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What is CRI (Colour Rendering Index)?

Colour rendering index (CRI) is one method of measuring the distinctive attributes of a light source. It has been around since 1937 and is often misunderstood as a metric of light colour output quality. When really it is an indicator of how well an artificial typically white light source accurately renders and reproduces the colours of illuminated objects, in comparison to natural sunlight. A white LED (Light Emitting Diodes) source with a high CRI rating will render accurate and vibrant colour tones across the full spectrum.

How CRI is measured

Measured from 0-100, CRI is a convenient and easy metric to interpret as it is represented in one number. A perfect rating of 100 would mean that when under an artificial light source, an object’s colour would still appear the same as it would if under natural sunlight. Typically, any rating between 0 and 70 would be considered as poor. Whilst any ratings above 90 are considered particularly good for colour rendering.

Defining and testing for LED light source CRI rating is a more complicated process which involves specialised machinery to test the light source on multiple colour swatches (termed R1 through to R15).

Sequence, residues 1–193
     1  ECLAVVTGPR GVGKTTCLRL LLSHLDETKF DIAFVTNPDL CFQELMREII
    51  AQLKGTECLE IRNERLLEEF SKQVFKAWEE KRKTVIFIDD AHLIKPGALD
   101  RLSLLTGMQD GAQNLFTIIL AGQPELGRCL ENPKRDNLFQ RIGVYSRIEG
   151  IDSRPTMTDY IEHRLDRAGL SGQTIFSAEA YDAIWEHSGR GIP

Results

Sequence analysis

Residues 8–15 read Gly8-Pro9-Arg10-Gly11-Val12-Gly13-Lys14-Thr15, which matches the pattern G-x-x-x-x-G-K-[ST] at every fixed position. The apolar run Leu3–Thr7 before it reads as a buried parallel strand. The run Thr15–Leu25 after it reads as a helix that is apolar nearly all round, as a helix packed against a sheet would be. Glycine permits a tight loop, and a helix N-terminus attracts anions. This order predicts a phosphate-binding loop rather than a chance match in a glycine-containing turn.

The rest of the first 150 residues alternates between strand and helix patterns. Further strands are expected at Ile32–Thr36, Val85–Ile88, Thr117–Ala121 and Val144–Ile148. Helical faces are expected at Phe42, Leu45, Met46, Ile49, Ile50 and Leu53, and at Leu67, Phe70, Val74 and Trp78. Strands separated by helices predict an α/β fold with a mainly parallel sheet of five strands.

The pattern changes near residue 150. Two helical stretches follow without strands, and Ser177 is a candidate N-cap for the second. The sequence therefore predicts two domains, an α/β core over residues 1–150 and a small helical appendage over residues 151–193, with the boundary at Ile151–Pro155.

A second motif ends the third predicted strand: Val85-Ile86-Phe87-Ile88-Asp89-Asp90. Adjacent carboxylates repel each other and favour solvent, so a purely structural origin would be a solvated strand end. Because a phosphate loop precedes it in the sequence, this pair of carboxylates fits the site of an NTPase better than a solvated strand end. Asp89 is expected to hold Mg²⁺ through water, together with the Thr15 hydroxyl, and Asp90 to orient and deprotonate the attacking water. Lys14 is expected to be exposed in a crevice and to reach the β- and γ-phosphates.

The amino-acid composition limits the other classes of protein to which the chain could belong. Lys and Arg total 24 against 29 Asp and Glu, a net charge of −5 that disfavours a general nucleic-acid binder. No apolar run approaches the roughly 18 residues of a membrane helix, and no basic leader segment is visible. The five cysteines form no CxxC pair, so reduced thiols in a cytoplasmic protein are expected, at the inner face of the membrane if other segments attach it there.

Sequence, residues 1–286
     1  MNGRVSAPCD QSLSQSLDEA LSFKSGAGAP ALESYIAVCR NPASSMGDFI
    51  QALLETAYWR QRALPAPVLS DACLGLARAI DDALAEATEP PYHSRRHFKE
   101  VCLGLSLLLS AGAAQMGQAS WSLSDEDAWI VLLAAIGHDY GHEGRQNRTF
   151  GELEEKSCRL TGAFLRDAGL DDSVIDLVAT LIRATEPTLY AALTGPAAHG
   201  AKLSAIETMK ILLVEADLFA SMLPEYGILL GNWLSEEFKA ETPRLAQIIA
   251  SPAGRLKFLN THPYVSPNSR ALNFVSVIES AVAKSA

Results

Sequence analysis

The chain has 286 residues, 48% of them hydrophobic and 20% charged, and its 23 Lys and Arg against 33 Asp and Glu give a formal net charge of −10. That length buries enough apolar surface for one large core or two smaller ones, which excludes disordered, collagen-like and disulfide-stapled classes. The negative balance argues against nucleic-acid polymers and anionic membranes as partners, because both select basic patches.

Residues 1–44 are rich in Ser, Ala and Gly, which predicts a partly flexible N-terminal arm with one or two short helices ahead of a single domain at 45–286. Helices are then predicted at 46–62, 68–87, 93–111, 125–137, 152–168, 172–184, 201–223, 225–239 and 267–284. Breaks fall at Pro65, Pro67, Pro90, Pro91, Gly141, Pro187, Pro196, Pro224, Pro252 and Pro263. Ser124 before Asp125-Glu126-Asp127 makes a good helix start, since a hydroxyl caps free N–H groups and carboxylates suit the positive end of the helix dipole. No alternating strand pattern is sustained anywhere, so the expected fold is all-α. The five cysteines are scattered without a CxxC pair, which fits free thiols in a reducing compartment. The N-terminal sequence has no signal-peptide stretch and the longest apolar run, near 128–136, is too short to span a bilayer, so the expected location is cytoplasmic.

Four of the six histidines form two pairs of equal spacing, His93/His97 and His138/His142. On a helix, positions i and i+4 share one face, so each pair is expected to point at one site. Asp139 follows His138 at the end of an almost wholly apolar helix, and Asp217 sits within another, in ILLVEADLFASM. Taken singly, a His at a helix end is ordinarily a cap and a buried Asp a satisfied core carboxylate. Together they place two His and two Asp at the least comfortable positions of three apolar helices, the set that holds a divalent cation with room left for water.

How CRI is perceived

CRI cannot be perceived by simply looking at the light source alone. The quality of the CRI will only become evident when the light is viewed illuminating various objects and colours.

Although natural light appears white to the human eye, multiple colours are contained within it. The light received from the sun consists of a full spectrum of wavelengths.

When viewing an object, the colour perceived is determined by the colours of light that it reflects from the source illuminating it. So, when using artificial lighting it is important to understand how the content of the light can affect how colours subsequently are seen. Under white LED light sources, the reproduced colour of an object may appear quite similar, or quite different. Such light sources attempt to replicate the spectrum of natural daylight so that objects appear as they do under natural daylight. It is this similarity that CRI defines.

What applications require a good CRI rating?

The lighting application in question will determine how important CRI is. For many indoor lighting applications, a CRI of around 80 will be acceptable. Whereas other applications which are more dependent on light quality and colour will require a higher CRI. For example, in medical, residential, and educational applications, as well as retail stores, galleries and other photography-based applications, colour rendering is vital to provide accurate colour rendering and vibrant aesthetics. A CRI 90 or above light source will ensure colours appear as crisp and bright as they should, accurately rendered.

Even in more relaxed settings, high CRI LED lighting can still be pleasant and beneficial. Within homes, high CRI lighting can create a natural and comfortable light that enhances and highlights design detail and colour within.

Although, it is worth acknowledging that CRI is only one measurement for light quality. There are other key factors to consider such as lux and uniformity which are also accurate indicators of light quality and brightness.

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